Six Things the Bible Says About the Spiritual Kingdom

by Pamela Rose Williams · Print Print · Email Email

As you study the Scriptures and become familiar with certain words, you realize that several meanings might be taken from those words. Once such word is “kingdom”. We see the Bible talk about the Kingdom of Heaven, God’s Kingdom and even the Kingdom of Christ. Whether or not you study to see if there are differences between these terms, you can count on the fact that there are spiritual aspects to the kingdom. Look at these six things the Bible says about the Spiritual Kingdom.

1)  Endurance

Acts 14:21–22 And when they had preached the gospel to that city, and had taught many, they returned again to Lystra, and to Iconium, and Antioch, Confirming the souls of the disciples, and exhorting them to continue in the faith, and that we must through much tribulation enter into the kingdom of God.

A good definition for Endurance is “the ability to withstand hardship or adversity especially: the ability to sustain a prolonged stressful effort or activity”.[1]

In this passage in Acts 14 Paul and Barnabas were preaching at Derbe (Acts 14:20) after they were run out of Iconium. While they were there “certain Jews” who had followed them from Iconium began to stir up trouble. When they were done there, they returned to Iconium so that they could use their own example to exhort the disciples to “continue” or endure even through tribulation.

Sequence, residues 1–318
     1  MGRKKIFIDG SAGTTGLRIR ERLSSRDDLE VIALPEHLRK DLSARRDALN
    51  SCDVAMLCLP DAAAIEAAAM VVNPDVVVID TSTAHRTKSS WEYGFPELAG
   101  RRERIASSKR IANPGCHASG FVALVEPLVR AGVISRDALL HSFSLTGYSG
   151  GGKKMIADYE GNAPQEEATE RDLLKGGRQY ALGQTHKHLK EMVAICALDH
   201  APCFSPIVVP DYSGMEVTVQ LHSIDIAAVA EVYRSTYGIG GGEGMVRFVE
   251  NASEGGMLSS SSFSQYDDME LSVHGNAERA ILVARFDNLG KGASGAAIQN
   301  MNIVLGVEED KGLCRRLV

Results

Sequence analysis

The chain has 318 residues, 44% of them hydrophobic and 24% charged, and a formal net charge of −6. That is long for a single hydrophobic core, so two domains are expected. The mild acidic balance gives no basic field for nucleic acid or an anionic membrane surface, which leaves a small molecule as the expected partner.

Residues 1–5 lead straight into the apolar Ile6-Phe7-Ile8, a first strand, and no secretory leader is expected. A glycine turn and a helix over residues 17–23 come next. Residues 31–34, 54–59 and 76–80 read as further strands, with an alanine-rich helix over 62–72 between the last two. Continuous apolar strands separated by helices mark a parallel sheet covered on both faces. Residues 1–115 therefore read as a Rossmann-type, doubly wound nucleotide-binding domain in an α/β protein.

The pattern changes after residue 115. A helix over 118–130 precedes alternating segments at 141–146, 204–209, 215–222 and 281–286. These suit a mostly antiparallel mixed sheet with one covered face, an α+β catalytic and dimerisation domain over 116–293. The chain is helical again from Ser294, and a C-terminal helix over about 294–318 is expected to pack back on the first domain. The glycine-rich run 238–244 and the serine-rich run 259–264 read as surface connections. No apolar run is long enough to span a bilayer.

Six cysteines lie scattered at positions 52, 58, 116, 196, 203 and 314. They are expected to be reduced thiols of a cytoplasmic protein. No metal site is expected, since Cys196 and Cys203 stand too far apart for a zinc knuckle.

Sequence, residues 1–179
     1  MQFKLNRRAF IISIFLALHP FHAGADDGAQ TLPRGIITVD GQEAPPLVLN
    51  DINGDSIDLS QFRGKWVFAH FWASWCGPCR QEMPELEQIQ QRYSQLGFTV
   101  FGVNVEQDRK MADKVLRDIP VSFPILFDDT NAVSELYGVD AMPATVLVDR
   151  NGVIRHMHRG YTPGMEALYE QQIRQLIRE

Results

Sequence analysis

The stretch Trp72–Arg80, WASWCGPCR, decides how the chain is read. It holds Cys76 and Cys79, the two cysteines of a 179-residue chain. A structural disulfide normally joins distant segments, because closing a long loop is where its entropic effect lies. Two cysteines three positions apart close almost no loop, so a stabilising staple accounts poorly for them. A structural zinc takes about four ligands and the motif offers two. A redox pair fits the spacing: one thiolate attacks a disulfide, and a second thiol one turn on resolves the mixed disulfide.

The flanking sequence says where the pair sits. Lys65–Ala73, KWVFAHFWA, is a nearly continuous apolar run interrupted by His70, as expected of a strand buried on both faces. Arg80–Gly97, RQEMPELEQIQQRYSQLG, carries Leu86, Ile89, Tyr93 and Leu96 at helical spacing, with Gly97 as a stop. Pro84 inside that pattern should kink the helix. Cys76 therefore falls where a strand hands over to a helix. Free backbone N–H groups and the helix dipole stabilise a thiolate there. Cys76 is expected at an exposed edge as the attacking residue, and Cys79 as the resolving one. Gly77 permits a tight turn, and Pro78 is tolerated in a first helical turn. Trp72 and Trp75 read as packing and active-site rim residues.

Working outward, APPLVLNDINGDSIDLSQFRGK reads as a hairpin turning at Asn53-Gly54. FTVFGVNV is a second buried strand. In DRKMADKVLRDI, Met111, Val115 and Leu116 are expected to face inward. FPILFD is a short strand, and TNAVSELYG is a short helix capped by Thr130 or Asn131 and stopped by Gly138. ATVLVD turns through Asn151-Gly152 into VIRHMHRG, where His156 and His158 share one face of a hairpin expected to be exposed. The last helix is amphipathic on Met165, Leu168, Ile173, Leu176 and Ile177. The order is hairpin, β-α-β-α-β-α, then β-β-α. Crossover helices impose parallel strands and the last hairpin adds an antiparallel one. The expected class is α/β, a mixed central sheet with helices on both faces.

More About Endurance

Romans 5:3–5 And not only so, but we glory in tribulations also: knowing that tribulation worketh patience; And patience, experience; and experience, hope: And hope maketh not ashamed; because the love of God is shed abroad in our hearts by the Holy Ghost which is given unto us.

Hebrews 10:36 For ye have need of patience, that, after ye have done the will of God, ye might receive the promise.

James 1:12 Blessed is the man that endureth temptation: for when he is tried, he shall receive the crown of life, which the Lord hath promised to them that love him.

2)  Faith and Love

James 2:5 Hearken, my beloved brethren, Hath not God chosen the poor of this world rich in faith, and heirs of the kingdom which he hath promised to them that love him?

Interesting how James uses faith and love in this verse. The poor of this world, rich in faith are chosen as heirs of the kingdom. It makes no difference if you are rich or poor in this world. To have faith in Christ the Savior and to love Him for what He has done is more valuable than any possession on earth. Jesus made the blind to see and the lame to walk. He cleansed the lepers and caused the deaf to hear. He raised the dead to life. But nothing is more valuable than the gospel that he preached to the poor (Matthew 11:5)

3)  Humility

Matthew 5:3 Blessed are the poor in spirit: for theirs is the kingdom of heaven.

What does it mean to be poor in spirit? It means that when we come to God we must humble our own spirit and agree that our own sin makes us poor. Pride can make us think we do not need God and therefore we never confess our need for a Savior. God offers grace to all, but only the humble accept this free gift: “But he giveth more grace. Wherefore he saith, God resisteth the proud, but giveth grace unto the humble.” (James 4:6)

4)  New Birth

John 3:3 Jesus answered and said unto him, Verily, verily, I say unto thee, Except a man be born again, he cannot see the kingdom of God.